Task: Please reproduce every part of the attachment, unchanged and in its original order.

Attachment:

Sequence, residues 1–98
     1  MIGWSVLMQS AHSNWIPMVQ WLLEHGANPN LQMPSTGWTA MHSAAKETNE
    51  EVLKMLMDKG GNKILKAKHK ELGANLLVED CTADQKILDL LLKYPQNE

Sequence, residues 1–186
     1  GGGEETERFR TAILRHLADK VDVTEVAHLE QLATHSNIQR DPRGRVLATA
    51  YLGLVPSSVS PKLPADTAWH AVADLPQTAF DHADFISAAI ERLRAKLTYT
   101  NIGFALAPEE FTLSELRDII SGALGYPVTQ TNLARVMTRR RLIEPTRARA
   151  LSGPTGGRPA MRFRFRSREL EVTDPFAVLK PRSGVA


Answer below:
Sequence, residues 1–98
     1  MIGWSVLMQS AHSNWIPMVQ WLLEHGANPN LQMPSTGWTA MHSAAKETNE
    51  EVLKMLMDKG GNKILKAKHK ELGANLLVED CTADQKILDL LLKYPQNE

Sequence, residues 1–186
     1  GGGEETERFR TAILRHLADK VDVTEVAHLE QLATHSNIQR DPRGRVLATA
    51  YLGLVPSSVS PKLPADTAWH AVADLPQTAF DHADFISAAI ERLRAKLTYT
   101  NIGFALAPEE FTLSELRDII SGALGYPVTQ TNLARVMTRR RLIEPTRARA
   151  LSGPTGGRPA MRFRFRSREL EVTDPFAVLK PRSGVA